Sunday, May 13, 2012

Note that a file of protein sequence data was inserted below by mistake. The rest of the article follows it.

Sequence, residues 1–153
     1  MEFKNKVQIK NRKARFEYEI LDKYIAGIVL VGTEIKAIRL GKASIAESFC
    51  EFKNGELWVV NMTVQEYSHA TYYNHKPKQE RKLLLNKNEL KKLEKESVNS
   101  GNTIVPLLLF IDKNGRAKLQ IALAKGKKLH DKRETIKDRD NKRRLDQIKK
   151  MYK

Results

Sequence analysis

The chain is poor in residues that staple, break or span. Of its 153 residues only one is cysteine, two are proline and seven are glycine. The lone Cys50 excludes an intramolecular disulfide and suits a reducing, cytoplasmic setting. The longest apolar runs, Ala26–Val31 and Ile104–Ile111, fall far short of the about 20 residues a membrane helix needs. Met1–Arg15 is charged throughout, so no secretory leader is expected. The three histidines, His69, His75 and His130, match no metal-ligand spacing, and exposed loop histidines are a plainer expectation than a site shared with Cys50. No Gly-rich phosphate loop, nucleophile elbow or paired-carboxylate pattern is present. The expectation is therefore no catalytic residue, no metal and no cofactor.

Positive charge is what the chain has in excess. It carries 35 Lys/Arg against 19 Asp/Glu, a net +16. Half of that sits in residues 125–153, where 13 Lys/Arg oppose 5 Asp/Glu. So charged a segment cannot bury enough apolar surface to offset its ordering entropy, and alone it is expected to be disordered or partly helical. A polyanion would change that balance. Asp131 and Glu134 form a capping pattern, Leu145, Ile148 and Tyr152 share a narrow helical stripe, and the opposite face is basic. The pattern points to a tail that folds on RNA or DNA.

Letting go of the shop was the best thing she ever did. It was a long damn run over on Dix. You know its been long when some of your clients are beginning to drop off like flies. Honestly though, with all the drugs and alcohol that roamed through Detroit in the eighties, who's to wonder. For some reason she remembers the strangest things about all of her customers, she has tiny vignettes of her moments with them. She remembers a tranny begging her over the counter to find bigger party gowns, her desperation clinging to her words. She particularly remembers her large yet delicate hands as she wrung them together. Maybe coming down off a long night, with all the drama about the dresses. It seemed a bit much to be so worried after dresses. The young Canadian girl with unmatched eyes standing and pining for the old lucite box purses that were just a bit beyond her budget. She came most weeks as if on a mecca. The wiry dealer with twisted fingers, arthritic, clearing away the cobwebs of pain with every breath, gingerly fingering old swimsuits, silk slips, thirties dresses out of her shopping bag. The treasures she unearthed over the last week from the closets of brittle ladies in Grosse Point, the grubby thrifts up Woodward, the garages sales in Dearborn. And of course there was the junkie that broke into the old buildings in the city, obsessively photographing everything he took out with a beat up old Polariod, like a detective. It was as if he couldn't truly let go of his artifacts. He needed a simulacra to hold onto. And now her house is decorated with a story in everything. A visual mapping of her life, the stories of lives before al wound into each and every object lining the rooms. She kept promising Gezel that she would let go of some of the haunted things. The things that creeped her out more than the others. The memento mori, the weird voodoo doll left behind by a jerk of an ex-boyfriend. Time to let go. Oddly, she kept dreaming of Hong Kong, Dubai. Clean steel.